While I can’t read everything that shows up in email form, I did see a few stories last week that caught my eye. Since I love a good steak now and again, I couldn’t help but notice a story about rising beef demand, as well as rising beef prices.
While much of the cost of a steak or pack of ground beef at the supermarket has more to do with processing the product than production, what’s happening in the beef markets these days is indicative of much of what’s been happening across the nation’s farm belt.
As you probably know, grocery prices are still on the rise, up another 6.5 percent from a year ago, according the American Farm Bureau’s Market basket Survey. Leading the way was beef. With 96 percent of Americans claiming they eat meat, it might be easy to decipher that the reason for the increase is that we love our beef. That’s true, but our love of burgers and rib-eyes is only part of the equation.
The peak of the grilling season is upon us. As summer approaches more and more of us will be firing up the grill, gathering with friends and family and laying out those thick, juicy steaks on the fire. (Can you smell it?) But it’s not just Americans who love and want more beef. It’s the increase in the standards of living of folks in developing countries like Mexico , China and India that’s also driving up beef demand.
Now, you might question including China in a list of developing countries. China is a global powerhouse, no doubt, but what the country really has is a massively expanding middle class. It’s been shown time and again that the first thing folks with money want, who didn’t have money before, are sweets and meat. Hence the rising cost of sugar and beef.
Sugar prices to Louisiana sugarcane growers are as high as they’ve ever been, at least in the active memories of most sugar Bayou State sugar farmers. And any cattle producer will tell you that when beef prices go up, herd size goes down. Problem is, more cattle in the marketplace has done little to lower prices because beef demand globally has remained so high.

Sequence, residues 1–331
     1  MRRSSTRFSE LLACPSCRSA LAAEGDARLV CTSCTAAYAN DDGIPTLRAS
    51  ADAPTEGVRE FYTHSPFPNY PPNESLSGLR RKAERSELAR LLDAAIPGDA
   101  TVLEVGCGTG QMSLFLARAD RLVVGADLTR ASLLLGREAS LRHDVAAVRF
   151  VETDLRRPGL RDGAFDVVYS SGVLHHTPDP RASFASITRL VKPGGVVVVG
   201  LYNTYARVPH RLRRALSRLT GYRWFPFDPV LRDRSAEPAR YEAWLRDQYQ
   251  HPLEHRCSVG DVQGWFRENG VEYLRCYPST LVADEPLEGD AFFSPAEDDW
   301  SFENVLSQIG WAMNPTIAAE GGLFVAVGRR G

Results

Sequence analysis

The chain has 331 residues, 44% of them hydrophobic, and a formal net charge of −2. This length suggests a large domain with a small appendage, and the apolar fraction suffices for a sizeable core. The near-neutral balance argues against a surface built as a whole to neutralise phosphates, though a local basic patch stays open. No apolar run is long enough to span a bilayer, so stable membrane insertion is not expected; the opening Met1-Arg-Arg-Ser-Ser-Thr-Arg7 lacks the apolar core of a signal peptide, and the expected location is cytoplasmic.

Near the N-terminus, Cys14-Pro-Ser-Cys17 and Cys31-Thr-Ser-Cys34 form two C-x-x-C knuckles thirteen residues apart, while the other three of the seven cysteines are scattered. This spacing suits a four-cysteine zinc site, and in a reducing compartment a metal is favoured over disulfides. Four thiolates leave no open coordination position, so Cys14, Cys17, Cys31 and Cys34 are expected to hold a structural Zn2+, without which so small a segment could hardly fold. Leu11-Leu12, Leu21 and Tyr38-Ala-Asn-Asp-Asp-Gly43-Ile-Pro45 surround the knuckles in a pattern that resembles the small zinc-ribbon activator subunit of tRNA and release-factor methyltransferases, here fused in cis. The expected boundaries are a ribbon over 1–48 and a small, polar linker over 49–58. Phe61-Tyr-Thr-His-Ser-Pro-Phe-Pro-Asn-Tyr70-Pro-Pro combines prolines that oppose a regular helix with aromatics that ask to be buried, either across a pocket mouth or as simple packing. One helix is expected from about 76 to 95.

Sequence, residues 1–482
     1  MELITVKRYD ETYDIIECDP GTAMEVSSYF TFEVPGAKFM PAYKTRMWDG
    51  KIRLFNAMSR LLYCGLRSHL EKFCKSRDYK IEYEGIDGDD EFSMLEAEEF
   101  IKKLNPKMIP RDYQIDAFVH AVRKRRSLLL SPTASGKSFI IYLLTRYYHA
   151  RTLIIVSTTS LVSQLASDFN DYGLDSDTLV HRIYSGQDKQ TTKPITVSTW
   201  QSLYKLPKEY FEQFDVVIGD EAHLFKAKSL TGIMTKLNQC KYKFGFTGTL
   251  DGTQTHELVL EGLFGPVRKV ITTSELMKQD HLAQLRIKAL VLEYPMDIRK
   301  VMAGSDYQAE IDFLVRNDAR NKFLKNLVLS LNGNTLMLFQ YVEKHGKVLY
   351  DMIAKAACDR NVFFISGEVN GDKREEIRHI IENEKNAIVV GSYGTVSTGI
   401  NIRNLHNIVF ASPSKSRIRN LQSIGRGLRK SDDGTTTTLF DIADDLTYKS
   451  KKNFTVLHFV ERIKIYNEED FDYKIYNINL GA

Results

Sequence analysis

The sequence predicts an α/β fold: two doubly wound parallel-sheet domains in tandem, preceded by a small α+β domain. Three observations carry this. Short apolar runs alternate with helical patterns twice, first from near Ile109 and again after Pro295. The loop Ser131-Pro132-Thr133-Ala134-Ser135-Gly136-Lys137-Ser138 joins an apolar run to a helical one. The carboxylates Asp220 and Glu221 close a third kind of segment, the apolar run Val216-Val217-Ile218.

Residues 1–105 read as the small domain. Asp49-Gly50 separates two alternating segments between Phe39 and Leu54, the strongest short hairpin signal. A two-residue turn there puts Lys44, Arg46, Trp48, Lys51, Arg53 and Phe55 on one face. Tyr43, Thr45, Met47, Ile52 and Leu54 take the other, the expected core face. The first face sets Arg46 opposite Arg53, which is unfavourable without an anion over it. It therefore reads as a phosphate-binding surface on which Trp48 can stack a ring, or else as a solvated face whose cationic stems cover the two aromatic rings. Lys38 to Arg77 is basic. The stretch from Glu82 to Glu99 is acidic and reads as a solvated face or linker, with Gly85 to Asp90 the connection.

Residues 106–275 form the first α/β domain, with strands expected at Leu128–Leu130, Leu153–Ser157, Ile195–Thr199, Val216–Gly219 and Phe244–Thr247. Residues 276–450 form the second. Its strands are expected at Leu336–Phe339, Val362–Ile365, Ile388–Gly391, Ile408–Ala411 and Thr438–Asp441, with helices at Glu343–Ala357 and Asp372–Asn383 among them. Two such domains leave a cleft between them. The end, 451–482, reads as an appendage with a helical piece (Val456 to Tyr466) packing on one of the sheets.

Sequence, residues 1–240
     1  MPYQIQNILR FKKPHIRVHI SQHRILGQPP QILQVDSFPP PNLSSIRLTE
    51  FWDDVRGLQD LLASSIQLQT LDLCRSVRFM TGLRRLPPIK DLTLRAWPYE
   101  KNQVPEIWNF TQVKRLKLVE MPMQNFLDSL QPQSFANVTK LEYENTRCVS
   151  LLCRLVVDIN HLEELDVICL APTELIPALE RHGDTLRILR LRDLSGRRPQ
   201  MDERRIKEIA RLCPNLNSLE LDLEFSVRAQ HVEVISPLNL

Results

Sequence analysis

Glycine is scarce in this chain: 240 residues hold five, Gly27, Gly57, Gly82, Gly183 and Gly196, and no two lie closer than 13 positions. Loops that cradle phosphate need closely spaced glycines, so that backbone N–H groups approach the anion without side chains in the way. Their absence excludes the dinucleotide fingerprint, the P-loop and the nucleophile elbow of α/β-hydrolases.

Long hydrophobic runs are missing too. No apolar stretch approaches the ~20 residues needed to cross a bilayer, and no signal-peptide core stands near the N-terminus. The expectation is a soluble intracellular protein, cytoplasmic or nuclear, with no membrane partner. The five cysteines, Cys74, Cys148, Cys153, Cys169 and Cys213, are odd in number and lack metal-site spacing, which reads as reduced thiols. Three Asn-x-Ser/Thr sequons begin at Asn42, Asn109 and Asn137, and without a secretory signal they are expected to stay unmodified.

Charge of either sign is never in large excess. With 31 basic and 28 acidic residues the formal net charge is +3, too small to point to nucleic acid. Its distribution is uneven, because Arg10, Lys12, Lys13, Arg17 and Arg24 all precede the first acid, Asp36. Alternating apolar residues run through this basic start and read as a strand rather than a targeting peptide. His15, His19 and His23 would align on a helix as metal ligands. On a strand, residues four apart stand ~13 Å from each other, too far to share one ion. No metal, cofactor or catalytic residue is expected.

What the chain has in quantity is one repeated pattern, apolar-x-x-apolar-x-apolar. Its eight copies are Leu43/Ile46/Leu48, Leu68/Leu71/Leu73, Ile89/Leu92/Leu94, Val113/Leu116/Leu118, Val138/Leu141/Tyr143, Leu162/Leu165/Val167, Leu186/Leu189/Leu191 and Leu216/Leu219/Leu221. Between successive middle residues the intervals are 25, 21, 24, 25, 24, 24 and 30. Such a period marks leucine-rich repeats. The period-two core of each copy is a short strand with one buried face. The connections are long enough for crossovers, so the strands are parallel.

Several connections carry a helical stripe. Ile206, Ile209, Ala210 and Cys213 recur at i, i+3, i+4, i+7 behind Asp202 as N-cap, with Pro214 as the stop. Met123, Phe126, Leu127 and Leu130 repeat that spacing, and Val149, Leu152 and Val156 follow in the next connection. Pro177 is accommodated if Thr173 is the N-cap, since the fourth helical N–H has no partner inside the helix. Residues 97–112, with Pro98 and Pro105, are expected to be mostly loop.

According to USDA’s monthly ag-trade summary, January and February beef exports to Russia were up 58 percent in volume at 9,297 metric tons, and tripled in value to $38.2 million compared with last year. The same was true for Mexico . Mexico was the leading destination for U.S. beef in terms of volume during January and February, at 38,070 metric tons, and value at $170.6 million. This represented a decrease in volume of 6 percent, but a 13 percent increase in value.
Beef exports to Canada, which was the only $1 billion market for U.S. beef in 2011, slipped 3 percent in volume to 24,072 metric tons but increased 11 percent in value to $136.9 million for the first two months of this year. January and February exports to Japan, which still limits imports of beef from cattle 20 months of age or younger, were down 5 percent in volume at 19,344 metrictons, but increased 16 percent in value at $123.6 million.
All these numbers will help the U.S. with its balance of trade with its import partners. It’s also a sign of an uptick, albeit a small one, in the U.S. economy.
But what all these numbers really show is that finally (perhaps), after nearly three decades of struggling prices, farmers and ranchers might actually feel really good about what they’re producing. Some might say this is the decade, at least for now, of the farmer and rancher. And one thing’s for certain. America ’s farmers and ranchers produce the most abundant, affordable, safest food in the world. And no statistic can overshadow that fact.